- The Washington Times - Thursday, February 7, 2002

American authorities in Afghanistan have released 27 persons taken prisoner during a raid last month on what U.S. forces mistook as a hide-out for al Qaeda terrorists.
An investigation by U.S. Central Command is trying to determine whether some or all of the estimated 19 persons killed also were innocents, Maj. Ralph Mills, a spokesman for the command, said yesterday.
After two weeks of confusion and conflicting accounts of what happened in the Jan. 23 raid, the Pentagon made no official announcement yesterday. Asked about it by reporters during an appearance on Capitol Hill, Defense Secretary Donald H. Rumsfeld said he did not know the 27 had been released.
"It's a very complicated situation on the ground" in Afghanistan, Mr. Rumsfeld said, especially as the new government works to overcome feudal divisions within the country and empower people once loyal to the ousted Taliban rulers.
The episode underscores the difficulty U.S. and allied troops face in hunting down remnants of al Qaeda and Taliban fighters at a time when the Afghan government is trying to overcome tribal divisions.
Meanwhile, U.S. forces in Afghanistan were preparing to take possession of as many as 60 more Taliban and al Qaeda prisoners held by Afghan forces, a senior U.S. defense official said. The number of prisoners in U.S. custody in Afghanistan has stood at 324 for more than a week; there also are 158 al Qaeda and Taliban prisoners held at the U.S. Navy base at Guantanamo Bay, Cuba.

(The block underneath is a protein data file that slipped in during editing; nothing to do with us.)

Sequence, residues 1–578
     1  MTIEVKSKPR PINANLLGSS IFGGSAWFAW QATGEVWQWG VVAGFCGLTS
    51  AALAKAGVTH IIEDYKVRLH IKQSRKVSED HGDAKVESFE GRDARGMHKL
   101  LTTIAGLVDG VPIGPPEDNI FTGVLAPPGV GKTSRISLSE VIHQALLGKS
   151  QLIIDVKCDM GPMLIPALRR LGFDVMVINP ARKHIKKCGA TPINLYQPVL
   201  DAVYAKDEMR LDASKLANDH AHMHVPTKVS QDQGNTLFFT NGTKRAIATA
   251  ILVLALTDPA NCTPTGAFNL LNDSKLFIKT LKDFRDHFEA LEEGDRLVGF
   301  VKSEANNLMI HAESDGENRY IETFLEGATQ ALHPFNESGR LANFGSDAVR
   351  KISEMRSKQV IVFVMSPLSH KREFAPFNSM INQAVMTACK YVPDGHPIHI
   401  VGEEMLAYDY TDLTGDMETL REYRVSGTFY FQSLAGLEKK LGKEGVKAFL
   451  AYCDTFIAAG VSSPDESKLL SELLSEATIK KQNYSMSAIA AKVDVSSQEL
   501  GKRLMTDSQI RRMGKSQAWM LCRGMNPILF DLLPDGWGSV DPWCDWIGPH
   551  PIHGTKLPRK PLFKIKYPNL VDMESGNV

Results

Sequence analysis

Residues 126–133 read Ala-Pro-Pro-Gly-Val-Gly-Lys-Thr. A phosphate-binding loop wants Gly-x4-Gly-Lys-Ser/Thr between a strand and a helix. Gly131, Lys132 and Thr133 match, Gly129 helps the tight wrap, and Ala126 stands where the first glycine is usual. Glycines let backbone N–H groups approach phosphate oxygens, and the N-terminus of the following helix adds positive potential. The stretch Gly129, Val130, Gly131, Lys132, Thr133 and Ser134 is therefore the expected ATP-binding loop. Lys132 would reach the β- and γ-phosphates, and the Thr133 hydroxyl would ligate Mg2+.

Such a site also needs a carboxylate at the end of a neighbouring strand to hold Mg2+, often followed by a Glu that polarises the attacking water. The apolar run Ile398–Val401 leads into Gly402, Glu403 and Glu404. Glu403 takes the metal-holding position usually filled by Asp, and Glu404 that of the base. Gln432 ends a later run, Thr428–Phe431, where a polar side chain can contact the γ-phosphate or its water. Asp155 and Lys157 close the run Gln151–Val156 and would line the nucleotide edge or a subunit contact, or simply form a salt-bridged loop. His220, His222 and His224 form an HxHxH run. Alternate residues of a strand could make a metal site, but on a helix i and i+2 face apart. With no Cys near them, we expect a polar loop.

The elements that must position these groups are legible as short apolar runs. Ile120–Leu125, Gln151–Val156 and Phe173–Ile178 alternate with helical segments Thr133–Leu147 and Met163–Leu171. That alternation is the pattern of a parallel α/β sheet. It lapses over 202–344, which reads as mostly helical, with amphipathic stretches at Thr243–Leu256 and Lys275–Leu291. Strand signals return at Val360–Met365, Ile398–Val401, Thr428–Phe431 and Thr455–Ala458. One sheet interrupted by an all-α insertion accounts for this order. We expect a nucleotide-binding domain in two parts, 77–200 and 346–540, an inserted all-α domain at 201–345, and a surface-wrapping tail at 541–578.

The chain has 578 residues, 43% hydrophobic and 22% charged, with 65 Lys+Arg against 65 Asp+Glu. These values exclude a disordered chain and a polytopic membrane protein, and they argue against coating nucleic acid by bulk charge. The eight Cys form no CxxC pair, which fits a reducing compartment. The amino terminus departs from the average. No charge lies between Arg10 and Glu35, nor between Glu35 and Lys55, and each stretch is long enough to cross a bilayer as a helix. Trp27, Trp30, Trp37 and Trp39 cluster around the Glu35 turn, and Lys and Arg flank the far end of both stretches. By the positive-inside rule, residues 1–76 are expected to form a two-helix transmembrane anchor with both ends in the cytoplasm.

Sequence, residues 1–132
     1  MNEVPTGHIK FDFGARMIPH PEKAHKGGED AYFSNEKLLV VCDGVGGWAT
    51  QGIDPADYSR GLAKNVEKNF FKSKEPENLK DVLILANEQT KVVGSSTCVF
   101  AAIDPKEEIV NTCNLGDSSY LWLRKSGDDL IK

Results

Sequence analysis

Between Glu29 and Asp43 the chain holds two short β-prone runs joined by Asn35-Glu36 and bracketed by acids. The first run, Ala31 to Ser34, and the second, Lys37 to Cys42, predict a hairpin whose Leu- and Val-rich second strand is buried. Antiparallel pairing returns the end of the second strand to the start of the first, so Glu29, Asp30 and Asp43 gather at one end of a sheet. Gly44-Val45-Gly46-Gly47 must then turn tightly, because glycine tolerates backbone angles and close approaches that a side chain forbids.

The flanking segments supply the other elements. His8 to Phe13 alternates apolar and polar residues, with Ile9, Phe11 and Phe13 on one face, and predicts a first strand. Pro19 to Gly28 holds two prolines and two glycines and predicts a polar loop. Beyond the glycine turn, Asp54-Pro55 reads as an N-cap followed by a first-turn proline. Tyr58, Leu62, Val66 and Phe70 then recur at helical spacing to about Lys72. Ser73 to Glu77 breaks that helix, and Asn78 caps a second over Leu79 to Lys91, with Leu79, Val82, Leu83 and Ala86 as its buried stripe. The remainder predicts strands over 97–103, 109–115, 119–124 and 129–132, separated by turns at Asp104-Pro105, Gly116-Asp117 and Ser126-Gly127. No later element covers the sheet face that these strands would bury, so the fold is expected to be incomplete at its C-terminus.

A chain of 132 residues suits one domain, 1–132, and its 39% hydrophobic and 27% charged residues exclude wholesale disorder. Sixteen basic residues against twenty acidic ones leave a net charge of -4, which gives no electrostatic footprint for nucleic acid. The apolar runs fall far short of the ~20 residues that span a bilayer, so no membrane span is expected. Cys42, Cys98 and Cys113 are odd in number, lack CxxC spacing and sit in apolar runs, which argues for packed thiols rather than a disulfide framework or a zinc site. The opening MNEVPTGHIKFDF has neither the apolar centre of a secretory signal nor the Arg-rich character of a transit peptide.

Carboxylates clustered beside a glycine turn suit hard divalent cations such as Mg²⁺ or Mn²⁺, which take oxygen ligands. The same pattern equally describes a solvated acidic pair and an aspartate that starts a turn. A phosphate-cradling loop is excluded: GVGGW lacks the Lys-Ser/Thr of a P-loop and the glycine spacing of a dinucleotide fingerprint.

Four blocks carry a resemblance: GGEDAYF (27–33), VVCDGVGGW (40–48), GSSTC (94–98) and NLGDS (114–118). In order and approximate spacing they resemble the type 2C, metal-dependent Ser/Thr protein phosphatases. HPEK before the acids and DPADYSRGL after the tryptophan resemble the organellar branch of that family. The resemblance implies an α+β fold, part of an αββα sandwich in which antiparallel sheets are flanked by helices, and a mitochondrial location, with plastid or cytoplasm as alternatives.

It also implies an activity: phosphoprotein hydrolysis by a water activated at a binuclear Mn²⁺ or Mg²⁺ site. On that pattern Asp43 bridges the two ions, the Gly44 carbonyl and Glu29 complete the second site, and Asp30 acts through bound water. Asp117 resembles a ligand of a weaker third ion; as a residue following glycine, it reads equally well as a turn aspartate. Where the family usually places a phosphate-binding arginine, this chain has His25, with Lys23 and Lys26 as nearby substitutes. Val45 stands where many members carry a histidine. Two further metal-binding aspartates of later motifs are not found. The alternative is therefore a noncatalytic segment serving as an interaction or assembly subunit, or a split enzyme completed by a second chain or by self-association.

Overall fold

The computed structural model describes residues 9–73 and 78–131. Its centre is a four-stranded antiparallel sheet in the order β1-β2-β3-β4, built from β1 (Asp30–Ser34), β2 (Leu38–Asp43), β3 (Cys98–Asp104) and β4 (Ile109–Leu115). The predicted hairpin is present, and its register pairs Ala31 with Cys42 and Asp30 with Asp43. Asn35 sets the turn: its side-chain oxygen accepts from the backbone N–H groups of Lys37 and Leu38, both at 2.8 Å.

It was not clear yesterday whether any of the additional 60 prisoners to be turned over later this week in Afghanistan were senior figures in either al Qaeda or the Taliban militia that supported it. Officials said it was possible that U.S. officials would not accept all the prisoners offered.
The transfer of al Qaeda and Taliban prisoners from Afghanistan to Guantanamo Bay resumed yesterday with an Air Force C-17 transport plane taking off during the night from Kandahar, Afghanistan. There was no word on how many prisoners were on board. They are expected to land at Guantanamo Bay today.
After a series of flights between Jan. 11 and 21, Mr. Rumsfeld halted the process while more temporary cells were built. A new group of 160 cells is now ready to receive prisoners, officials said yesterday.
The 27 captured in the Jan. 23 raid by Army Special Forces soldiers were released to authorities of the Afghan interim government at 6:30 a.m. EST yesterday, Central Command spokesman Maj. Mills said.
"We were able to determine that they were not Taliban forces and they were not affiliated with al Qaeda," Maj. Mills said.
Gen. Tommy Franks, commander of the war, ordered an investigation last week in response to assertions by Afghan government officials that people opposed to the Taliban were among those killed or captured.
In a related matter, The Washington Post quoted the interim leader of Afghanistan, Hamid Karzai, as saying U.S. forces have comceded to him that they mistakenly killed innocent people a day before his inauguration when U.S. jets destroyed a convoy of trucks near the city of Khost in Paktia province.
Up to 65 persons believed to be al Qaeda and Taliban reportedly were killed.
Mr. Karzai said U.S. forces were purposely misled into believing the convoy included Taliban officials. Americans have said from the outset that rivalries between ethnic groups and local warlords have made more difficult the campaign to get Osama bin Laden, his al Qaeda network and the Taliban rulers who harbored them.

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